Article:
It is unfortunate that the US cannot legally grow hemp at this time. But steps are being taken, people are making their voices heard. We are inching toward the day when hemp can be farmed in the United States – and we can contribute to making our planet clean, green, and fresh again.”

I want my children and grandchildren to have a beautiful, clean planet to live on, one that practices sustainable, healthy ways of living. One that is not damaged by oil drilling, fracking, pollution, not one that is disease-ridden and environmentally unsafe. No, our children and grandchildren deserve something better, and the time is NOW to turn to practices that nourish the earth.

Why Replacing Natural Gas With Hemp-Derived Methanol Is A Great Idea


On February 29 I was browsing through CNN.com and I came across an article titled “How a billionaire fills gas tank for $1 a gallon.” Below is an excerpt from that article:

Gasoline at $4 a gallon is no worry for T. Boone Pickens, the billionaire energy investor from Texas. He drives from his home to his office in a car that runs on fuel costing less than $1 a gallon.

His method: He has a device that fuels his Honda Civic GX with natural gas from the pipes that serve his home. And he thinks there’s a lesson there for America’s energy woes.

Pickens, who is speaking Wednesday at the TED2012 Conference in Long Beach, California, said America needs to make natural gas a building block of a plan for ending oil imports from the Organization of Petroleum Exporting Countries.

Natural gas is “cheaper, it’s cleaner, it’s abundant and it’s ours, and we’re fools not to use it,” Pickens said in an interview with CNN.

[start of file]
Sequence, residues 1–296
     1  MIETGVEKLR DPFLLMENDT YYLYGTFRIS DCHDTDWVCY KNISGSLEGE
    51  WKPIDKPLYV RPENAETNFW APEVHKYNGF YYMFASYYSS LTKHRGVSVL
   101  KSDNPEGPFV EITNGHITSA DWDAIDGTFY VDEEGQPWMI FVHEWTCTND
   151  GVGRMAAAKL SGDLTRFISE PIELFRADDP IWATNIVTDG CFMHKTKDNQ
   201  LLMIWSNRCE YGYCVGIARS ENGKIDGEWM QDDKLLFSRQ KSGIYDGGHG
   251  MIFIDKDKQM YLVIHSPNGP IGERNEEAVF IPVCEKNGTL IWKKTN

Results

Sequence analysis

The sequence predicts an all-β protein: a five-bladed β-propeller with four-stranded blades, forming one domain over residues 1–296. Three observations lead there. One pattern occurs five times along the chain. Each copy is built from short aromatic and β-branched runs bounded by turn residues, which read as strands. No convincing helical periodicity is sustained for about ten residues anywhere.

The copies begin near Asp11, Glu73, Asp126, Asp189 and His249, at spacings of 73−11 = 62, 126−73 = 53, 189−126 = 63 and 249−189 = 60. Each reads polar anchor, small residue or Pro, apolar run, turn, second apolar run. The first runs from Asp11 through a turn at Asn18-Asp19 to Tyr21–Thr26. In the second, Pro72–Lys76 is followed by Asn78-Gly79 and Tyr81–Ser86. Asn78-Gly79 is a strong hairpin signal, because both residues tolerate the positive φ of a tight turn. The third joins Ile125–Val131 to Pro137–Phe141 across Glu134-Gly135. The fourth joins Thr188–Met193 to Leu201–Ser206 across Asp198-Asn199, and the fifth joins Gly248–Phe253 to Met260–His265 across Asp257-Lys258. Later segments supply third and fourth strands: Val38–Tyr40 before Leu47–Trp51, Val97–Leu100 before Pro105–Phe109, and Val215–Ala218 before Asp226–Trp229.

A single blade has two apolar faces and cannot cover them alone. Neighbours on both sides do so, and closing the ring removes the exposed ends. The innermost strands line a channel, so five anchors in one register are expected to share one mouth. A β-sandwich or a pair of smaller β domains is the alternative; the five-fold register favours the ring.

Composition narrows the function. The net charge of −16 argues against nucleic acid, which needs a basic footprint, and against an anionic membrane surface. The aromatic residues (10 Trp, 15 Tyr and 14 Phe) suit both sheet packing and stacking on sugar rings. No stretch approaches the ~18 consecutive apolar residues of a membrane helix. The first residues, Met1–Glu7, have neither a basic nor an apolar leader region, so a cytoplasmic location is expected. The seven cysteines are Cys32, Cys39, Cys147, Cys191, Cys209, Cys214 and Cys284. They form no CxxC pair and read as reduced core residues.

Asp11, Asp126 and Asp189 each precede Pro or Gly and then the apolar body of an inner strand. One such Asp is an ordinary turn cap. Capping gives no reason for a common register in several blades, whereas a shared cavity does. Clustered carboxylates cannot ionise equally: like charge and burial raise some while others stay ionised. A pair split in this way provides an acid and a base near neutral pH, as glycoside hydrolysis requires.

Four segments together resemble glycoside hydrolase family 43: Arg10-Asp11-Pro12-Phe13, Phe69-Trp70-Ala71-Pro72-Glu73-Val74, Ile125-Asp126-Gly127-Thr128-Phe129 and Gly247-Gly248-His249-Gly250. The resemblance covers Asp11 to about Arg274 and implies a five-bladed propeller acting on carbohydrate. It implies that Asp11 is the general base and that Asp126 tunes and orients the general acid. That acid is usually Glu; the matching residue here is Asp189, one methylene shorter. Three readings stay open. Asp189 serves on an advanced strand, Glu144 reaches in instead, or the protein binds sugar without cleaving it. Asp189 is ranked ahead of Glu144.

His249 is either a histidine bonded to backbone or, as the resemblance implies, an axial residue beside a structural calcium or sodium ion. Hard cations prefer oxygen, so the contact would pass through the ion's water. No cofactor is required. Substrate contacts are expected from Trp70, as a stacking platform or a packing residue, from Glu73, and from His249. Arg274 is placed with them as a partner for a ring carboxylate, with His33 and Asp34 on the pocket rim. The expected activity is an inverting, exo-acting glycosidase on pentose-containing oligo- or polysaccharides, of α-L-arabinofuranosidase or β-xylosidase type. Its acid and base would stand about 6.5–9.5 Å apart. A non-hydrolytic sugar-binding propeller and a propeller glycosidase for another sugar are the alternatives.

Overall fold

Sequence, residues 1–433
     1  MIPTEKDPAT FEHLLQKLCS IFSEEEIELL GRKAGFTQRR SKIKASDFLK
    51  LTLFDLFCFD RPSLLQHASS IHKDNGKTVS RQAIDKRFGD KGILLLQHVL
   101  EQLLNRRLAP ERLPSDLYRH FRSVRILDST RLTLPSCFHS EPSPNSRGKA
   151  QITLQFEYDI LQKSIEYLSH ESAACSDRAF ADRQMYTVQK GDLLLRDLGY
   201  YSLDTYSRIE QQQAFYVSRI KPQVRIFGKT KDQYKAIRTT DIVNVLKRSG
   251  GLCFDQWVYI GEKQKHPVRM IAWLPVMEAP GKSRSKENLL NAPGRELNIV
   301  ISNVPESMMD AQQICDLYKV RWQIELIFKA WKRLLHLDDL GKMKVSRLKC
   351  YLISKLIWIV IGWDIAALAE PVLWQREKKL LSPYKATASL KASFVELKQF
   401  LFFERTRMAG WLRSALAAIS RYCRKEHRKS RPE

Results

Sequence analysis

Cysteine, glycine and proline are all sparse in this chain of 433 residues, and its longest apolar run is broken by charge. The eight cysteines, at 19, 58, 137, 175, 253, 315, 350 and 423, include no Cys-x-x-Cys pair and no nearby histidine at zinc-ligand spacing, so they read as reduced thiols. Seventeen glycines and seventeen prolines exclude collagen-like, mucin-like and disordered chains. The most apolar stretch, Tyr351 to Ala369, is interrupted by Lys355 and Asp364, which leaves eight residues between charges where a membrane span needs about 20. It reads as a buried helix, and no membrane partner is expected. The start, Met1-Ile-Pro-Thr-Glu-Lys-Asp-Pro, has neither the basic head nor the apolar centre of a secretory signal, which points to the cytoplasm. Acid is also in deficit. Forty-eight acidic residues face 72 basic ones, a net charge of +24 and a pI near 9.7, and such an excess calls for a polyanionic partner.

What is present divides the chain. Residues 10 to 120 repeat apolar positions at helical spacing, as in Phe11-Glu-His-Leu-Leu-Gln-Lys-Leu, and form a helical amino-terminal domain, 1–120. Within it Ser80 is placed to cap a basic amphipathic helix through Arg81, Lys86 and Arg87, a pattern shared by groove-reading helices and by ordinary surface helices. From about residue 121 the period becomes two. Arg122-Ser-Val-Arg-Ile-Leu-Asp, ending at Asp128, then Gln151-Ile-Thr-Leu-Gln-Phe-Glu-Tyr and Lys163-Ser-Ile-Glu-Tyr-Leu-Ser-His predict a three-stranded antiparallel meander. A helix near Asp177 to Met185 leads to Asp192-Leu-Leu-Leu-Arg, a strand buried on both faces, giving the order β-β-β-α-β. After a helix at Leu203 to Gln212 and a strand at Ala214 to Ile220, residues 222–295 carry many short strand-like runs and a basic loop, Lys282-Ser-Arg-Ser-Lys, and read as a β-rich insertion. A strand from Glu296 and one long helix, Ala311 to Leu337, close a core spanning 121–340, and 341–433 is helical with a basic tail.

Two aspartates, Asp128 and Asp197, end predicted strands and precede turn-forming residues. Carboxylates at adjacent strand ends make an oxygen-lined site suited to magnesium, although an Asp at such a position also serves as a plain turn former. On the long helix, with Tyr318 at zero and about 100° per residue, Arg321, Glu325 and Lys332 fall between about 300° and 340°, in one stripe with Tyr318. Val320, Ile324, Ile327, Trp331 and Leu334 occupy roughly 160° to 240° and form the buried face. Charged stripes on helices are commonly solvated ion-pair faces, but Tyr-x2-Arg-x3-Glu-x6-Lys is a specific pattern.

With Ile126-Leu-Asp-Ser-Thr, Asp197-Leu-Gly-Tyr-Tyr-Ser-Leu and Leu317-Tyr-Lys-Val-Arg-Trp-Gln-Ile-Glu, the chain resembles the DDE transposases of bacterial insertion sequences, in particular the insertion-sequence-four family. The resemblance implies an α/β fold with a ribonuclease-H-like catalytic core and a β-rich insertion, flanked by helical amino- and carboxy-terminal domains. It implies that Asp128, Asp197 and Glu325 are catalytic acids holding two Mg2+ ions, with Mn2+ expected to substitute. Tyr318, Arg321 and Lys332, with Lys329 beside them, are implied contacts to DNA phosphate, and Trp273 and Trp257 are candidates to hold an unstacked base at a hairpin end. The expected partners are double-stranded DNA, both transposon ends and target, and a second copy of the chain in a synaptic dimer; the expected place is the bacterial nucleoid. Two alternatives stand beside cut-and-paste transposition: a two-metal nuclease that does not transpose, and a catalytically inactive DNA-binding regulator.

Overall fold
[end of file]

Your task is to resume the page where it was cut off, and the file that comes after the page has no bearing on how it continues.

Pickens, an 83-year-old trained geologist who has been working in the energy field since 1951, said the United States could use domestic resources to replace the 5 million barrels of oil imported daily from OPEC, which makes up a quarter of America’s daily use of oil. The U.S. natural gas reserves amount to the equivalent of three times the oil reserves possessed by Saudi Arabia, he said.

“All you need now is leadership,” he said, lamenting that America “has no plan, we’ve gone 40 years with no energy plan. We’re the largest user of oil in the world.”

Pickens’ plan is encapsulated in the Natural Gas Act, a bill with Democratic and Republican sponsors, that would provide tax credits to replace diesel-fuel burning truck engines with natural gas-powered engines; users of natural gas as a transportation fuel would pay fees that would make up for the lost government revenue.

His firm, BP Capital, has a vested interest in energy policy since it invests in energy futures and the shares of firms in a variety of parts of the industry.

Now, here is why I have a problem with this. First of all, the process of extracting the natural gas can be harmful to health and environment.